The present study was initiated with the following objectives: (a) to determine the levels of trace metals accumulation and distribution in coastal sandflats, flora, and fauna from an estuarine ecosystem, (b) to evaluate potential ecological risks from metal pollution using different indices such as metal pollution index (MPI) and transfer factors (TFs); (c) to assess the degree of trace metal pollution using contamination indices such as pollution load index (PLI), contamination factor (Cf), modified contamination degree (mCD), and geoaccumulation index (); (d) to evaluate the coastal soil quality and environmental risks of investigated trace metals by comparison with soil quality guidelines (SQGs); (e) to identify the possible sources of trace metal pollution and to assess their ecotoxicological significance; and (f) to assess potential noncarcinogenic and carcinogenic risks due to inhalation, dermal contact, and oral ingestion exposure pathways.

2. Materials and Methods

2.1. Study Area

The Douglas Creek is a major tributary of Qua Iboe Estuary (Figure 1). The estuary is characterized by shallow intertidal mudflats that are surrounded by mangroves and is perennially subjected to sediment deposition from Qua Iboe River and marine sand from the Atlantic Ocean. It is located close to several coastline settlements within an oil producing area in Southeastern Nigeria. The Qua Iboe Estuary and Douglas Creek lie within latitude to and longitude to . It serves as the receiving water body for residential, agricultural, and petrochemical wastes generated from multinational oil companies located in the oil producing communities. The estuary is characterized by fine sandy beaches fringed with mangrove swamps and tidal mudflats on which Nypa palm vegetation dominates. The study area is characterized by a humid tropical climate with an annual rainfall of about 4021 mm, average humidity of 80%, and mean minimum and maximum temperatures of 22°C and 30°C, respectively. There are two predominant seasons, dry and wet seasons. The wet season begins in March or April and is usually characterized by heavy storms of short duration. The dry season, which normally lasts 3–5 months, is comparatively short, beginning in November and extending to February. Tidal currents are strong especially during the wet seasons along estuary upper reaches and creek and this plays an important role in sedimentation, biota distribution, trace metal laden, waste transportation, and industrial and domestic waste transportation.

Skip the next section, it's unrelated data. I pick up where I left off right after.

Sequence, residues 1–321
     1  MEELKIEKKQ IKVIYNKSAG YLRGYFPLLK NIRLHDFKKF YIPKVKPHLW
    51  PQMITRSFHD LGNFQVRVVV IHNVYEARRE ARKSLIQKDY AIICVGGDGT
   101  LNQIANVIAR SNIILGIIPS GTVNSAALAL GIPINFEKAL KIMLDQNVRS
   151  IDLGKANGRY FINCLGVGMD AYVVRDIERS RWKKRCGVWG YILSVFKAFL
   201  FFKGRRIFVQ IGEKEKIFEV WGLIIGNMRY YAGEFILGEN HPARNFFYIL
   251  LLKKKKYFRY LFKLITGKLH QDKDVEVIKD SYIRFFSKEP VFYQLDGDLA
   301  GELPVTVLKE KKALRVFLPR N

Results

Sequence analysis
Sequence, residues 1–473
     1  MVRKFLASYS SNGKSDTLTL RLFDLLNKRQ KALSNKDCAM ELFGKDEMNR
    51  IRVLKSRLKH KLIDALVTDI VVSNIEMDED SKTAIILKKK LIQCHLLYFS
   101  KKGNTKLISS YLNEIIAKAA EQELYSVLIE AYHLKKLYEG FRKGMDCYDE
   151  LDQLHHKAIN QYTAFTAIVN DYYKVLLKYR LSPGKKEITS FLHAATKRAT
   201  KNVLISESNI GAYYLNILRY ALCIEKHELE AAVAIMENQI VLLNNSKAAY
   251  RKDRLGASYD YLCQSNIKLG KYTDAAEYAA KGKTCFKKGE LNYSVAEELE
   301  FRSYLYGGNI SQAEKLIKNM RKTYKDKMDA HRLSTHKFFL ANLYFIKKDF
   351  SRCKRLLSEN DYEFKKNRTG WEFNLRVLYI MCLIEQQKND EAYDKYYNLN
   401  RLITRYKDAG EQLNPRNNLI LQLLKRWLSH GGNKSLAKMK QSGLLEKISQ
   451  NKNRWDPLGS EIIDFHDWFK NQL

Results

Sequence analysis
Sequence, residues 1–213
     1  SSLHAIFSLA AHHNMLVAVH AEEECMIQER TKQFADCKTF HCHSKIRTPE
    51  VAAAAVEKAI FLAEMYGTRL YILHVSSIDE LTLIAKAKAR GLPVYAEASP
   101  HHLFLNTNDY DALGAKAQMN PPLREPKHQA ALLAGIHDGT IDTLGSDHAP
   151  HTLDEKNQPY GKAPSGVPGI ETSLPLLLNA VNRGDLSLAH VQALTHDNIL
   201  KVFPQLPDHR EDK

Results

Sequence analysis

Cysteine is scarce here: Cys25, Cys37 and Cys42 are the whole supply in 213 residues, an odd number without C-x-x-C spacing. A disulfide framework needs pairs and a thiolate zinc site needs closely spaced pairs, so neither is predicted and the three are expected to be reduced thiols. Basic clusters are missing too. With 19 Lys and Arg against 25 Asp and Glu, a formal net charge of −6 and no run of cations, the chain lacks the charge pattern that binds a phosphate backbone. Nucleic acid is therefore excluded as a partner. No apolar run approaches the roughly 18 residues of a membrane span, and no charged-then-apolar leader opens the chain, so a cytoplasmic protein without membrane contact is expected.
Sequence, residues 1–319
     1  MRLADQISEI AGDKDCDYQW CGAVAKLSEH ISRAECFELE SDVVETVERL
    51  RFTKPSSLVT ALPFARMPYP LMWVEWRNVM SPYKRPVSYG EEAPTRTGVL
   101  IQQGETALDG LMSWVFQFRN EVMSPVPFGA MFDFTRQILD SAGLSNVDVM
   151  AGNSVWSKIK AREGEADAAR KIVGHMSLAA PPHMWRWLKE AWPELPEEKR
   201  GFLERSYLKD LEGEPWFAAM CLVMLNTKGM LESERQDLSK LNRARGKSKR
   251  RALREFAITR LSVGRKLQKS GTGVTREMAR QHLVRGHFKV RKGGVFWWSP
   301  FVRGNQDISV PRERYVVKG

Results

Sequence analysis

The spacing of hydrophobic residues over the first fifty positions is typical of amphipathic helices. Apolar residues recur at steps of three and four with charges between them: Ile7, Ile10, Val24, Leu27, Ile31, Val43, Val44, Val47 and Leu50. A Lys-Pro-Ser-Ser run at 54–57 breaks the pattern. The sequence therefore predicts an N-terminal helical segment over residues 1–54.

2.2. Sampling

A total of 30 plant and soil samples were each collected from the study area along a marked transect. Plant and soil samples were collected during two separate trips from five designated grids: DC-V, DC-W, DC-X, DC-Y, and DC-Z mapped out along the stretch of Douglas Creek extending into Qua Iboe Estuary. At each sampling station, triplicates of the plants and soil samples were obtained and carefully transferred into clean polyethylene glass containers. A short core sampler was used to collect the soil from the top 0 to 15 cm of the soil surface and homogenized and the subsamples were stored in labeled black polythene bags. Plant samples were also handpicked along the tidal shores of Douglas Creek and thoroughly cleaned with fresh water to get rid of soil before transferring them into labeled aluminium foil. The samples were all stored in ice-packed coolers and transported to the laboratory. They were further refrigerated in the laboratory at 4°C to inhibit microbial activities and preserve the integrity of the samples prior to analysis.

2.3. Analytical Procedures for Sample Pretreatment and Chemical Analysis

The soil samples were air-dried by exposure to ambient air for 48 hours and manually sorted to remove stones, sticks, organic matter, and shells from the air-dried samples, pulverized using porcelain pestle and mortar, and sieved through a 2 mm mesh and sieved to collect less than 63 μm grain sizes. 2.0 g of each sample was digested with a solution of concentrated HCl (6.0 mL) and HNO3 (0.3 mL) to near dryness and allowed to cool before 20 mL of 5.0 M HNO3 solution was added. The digested soil sample solution was allowed to stay for about 12 hours before they were filtered. The filtrates were subsequently transferred into 100 mL volumetric flask and made up to the mark with 0.5 M HNO3 prior to elemental analysis. A reagent blank was also prepared using a mixture of HCl and HNO3 following the stepwise analytical procedure described for the sample preparation.